Wednesday, January 16, 2008

Bad Habits From the Cold War

Are assassinations of dissidents a holdover of the Cold War – era Soviet Union? Or is it just a bad habit that’s extremely hard to break.

By: Ringo Bones

The news on Alexander Litvinenko’s assassination using polonium210 in London triggers déjà vu to us folks old enough to live in the shadow of the Cold War. During 1978, an almost similar event occurred in London. The Bulgarian Georgi Markov, one of the staunchest critics of the Soviet State at that time was poisoned using an umbrella equipped with a pneumatic pellet shooting mechanism that fires a 1.7 mm diameter pelet laced with ricin (a toxic protein found in castor beans) injector. Markov survived his agonizingly painful ordeal when a doctor tried an unproven procedure, removed the then unknown ricin pellet from his wound. The BBC and Germany’s DW-TV was the first news agencies to cover the said incident. Unluckily, Litvinenko’s case was so rare that doctors were at a loss as to what to do. It was only a few days later that the investigators knew the cause of his death. Rumors are abound that the secret apparatus of the former Soviet Union used to smuggle radioactive substances into the U. S. Embassy in Moscow, supposedly to kill American V. I. P. s softly.

Since the collapse of the Soviet Union, there had been well - documented incidents where radioactive substances are used for murder. Near the end of 1993, Russian “Mafia” assassins allegedly planted gamma-ray-emitting pellets in the secluded workspace of a businessman in Moscow. He died within a few months of exposure. There have been more than half a dozen similar cases that’s been reported in Russia since then.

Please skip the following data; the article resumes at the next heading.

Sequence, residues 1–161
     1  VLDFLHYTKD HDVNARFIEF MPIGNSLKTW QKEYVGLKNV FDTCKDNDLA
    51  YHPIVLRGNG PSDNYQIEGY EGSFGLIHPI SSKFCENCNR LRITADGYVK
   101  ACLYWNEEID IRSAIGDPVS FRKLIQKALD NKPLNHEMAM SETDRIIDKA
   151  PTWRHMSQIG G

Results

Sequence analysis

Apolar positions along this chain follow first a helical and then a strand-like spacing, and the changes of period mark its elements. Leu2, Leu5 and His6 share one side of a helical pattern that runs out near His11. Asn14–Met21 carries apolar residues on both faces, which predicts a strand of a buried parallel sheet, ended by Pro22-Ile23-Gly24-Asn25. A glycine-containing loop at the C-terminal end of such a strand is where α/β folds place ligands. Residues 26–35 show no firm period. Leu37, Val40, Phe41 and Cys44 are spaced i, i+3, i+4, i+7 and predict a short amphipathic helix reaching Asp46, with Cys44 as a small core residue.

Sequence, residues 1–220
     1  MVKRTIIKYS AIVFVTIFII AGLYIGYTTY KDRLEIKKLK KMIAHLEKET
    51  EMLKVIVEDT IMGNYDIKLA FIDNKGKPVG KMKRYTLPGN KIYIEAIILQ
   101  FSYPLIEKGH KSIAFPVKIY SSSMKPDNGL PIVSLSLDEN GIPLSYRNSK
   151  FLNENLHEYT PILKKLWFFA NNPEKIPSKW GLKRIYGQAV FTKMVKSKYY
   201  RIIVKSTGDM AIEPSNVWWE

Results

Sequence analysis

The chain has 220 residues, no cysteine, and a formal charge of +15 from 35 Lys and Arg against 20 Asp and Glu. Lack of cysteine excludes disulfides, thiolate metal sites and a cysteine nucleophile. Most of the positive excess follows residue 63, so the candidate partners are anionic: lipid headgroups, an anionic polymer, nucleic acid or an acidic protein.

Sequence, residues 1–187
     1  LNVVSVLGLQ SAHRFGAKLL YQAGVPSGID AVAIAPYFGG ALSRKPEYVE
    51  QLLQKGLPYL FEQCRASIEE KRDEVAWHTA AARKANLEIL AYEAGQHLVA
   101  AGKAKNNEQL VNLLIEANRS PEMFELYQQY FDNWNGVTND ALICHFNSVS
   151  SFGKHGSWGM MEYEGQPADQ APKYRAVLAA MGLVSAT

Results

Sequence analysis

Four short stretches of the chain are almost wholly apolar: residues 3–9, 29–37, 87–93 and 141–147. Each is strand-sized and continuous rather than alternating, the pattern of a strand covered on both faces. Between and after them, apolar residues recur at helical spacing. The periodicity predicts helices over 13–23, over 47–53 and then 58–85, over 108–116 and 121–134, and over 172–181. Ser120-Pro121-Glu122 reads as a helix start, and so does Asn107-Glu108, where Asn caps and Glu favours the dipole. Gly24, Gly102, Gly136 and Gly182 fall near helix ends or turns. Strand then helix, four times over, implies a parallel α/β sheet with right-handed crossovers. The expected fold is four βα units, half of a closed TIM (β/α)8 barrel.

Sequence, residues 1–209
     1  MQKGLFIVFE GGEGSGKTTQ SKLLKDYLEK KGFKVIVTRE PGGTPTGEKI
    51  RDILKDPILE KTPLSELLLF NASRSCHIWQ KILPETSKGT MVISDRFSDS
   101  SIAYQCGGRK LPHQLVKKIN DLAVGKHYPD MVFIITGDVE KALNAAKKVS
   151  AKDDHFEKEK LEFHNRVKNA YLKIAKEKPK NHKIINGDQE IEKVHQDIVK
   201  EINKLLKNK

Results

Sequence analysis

Is polonium going to be the active ingredient of those “dirty bombs” that “terrorists” are supposedly planning to deploy? That will be tough because most experts will point out that polonium has a half-life of about 139 days, which means it has a nasty habit of vanishing over time. Even though that only minute amounts of polonium are needed to kill an individual, most of what is produced commercially only amounts to a few grams per batch of production. And that’s enough to satisfy most legitimate uses of the element throughout the entire industrialized world. So if you want to procure substantial quantities of polonium for your evil needs. Either you have your own nuclear reactor designed to produce radioisotopes or you regularly rub shoulders with the powers-that-be that regulate the nuclear industry that they would look the other way every time you would do an evil deed. Isn’t it sad that when the fruits of modern technology are misused, it’s always used to maintain an oppressive status - quo.

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